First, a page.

Why the EU-Japan trade pact is a big deal for Trump

Myles Udland
Markets Reporter

On Thursday, the European Union and Japan announced an agreement on a new trade deal.

Coming just one day before the start of the G-20 meeting in Germany, this deal is also seen as something of a rebuke to the antagonistic trade talk President Donald Trump made a cornerstone of his campaign and which has featured prominently in the early days of his presidency.

On Wednesday, for example, Trump tweeted that the United States has “made some of the worst Trade Deals in world history. [Why] should we continue these deals with countries that do not help us?”

Trump has also repeatedly referenced America’s “bad” or “one-sided” trade deals in the last 18 months.

In a statement, the European Commission called this “the most important bilateral trade agreement ever concluded by the EU.” The Commission added that this deal will “for the first time include a specific commitment to the Paris climate agreement.” Recall that earlier this year Trump said he had withdrawn the U.S. from the Paris climate agreement.

The New York Times writes that this deal is “an act of geopolitical theater,” and indeed it is. But that the EU and Japan reached a deal which had been in the works for years shows that while the Brexit vote and Trump’s victory were seen as signs that something like the “western neoliberal order” was cracking, these proclamations may have been either premature or misguided.

No one leader can change the world economy in one fell swoop

At the risk of making the EU-Japan trade deal something it is not — this deal does not show that everything is “fixed” or that the U.S.’s involvement in foreign affairs is now meaningless — it is worth emphasizing that this is an agreement in principle, a diplomatic show of force about which interests some of the world’s leading powers want to protect: free trade and economic collaboration chief among them.

But against a backdrop of the gnawing sense that something fundamental about the world order we thought we knew having changed in a post-Trump world, this deal is also a reminder no one world leader — U.S. president or otherwise — is likely in one fell swoop to alter international economic alignments.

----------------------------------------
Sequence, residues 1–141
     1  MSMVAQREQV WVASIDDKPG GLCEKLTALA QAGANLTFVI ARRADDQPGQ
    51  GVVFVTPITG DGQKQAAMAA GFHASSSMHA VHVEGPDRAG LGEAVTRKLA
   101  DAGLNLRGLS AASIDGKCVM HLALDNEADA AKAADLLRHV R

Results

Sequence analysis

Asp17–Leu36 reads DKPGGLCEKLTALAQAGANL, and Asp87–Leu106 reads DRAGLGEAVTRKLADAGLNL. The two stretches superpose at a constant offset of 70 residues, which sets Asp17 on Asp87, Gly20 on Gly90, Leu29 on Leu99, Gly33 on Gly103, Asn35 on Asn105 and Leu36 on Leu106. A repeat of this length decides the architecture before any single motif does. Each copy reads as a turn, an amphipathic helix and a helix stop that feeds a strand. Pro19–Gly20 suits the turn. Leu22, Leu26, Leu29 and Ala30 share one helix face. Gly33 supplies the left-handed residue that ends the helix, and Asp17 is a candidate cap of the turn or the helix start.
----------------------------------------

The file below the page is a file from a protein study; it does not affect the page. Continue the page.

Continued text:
President Donald Trump (L) with German chancellor Angela Merkel.

A recent report from Pew Research, for example, found that in the last year support for the EU among many member countries — notably Spain, Germany, France, and the Netherlands — rose sharply. Additionally, a report from CNN Money this week suggested Mexico and China could be in talks on a new trade deal. Both countries have been the target of perhaps Trump’s strongest rebukes of existing U.S. trade deals.

Among Trump’s first actions as president was signing an executive order pulling the U.S. from the Trans Pacific Partnership, while the administration has also signaled its intention to renegotiate NAFTA.

These actions were very much in line with Trump’s campaign and to be expected after his victory. This also established Trump’s negotiating position in the international community: the U.S. would be seeking to act unilaterally — that is, on a one-to-one basis — with its major trading partners rather than as part of a larger group.

Approach with skepticism

Certainly, both Trump’s win and Brexit came as a shock to the elite establishment not only in the U.S. and the U.K. but around the world as well. In his new book “The Retreat of Western Liberalism,” Edward Luce writes that, “If the intellectual basis of Western liberalism is skepticism, we should learn to live up to its meaning.”

And while this critique is aimed at those who were sure the spread of western liberalism would continue unabated and were left reeling after Brexit and Trump’s win, this cuts both ways.

The EU and Japan may be seizing on a lack of specifics emerging from the Trump administration on its stated desire to re-work the world’s existing series of economic integrations into something it deems more favorable for the U.S. On some reading, this deal may be putting off an inevitable reaction against this kind of free-trade state of play.

But that Trump can or will succeed in putting America first should be viewed with equal skepticism. Financial markets, to a large extent, have largely discounted that the Trump administration will pull off a kind of wholesale re-configuring of the global economic order.

This may be fine for a president who is clearly pleased with the rise in stock prices resulting from bets on a continued status quo.

The real question for Trump, though, is if this will be fine for voters.

Myles Udland is a writer at Yahoo Finance. Follow him on Twitter @MylesUdland

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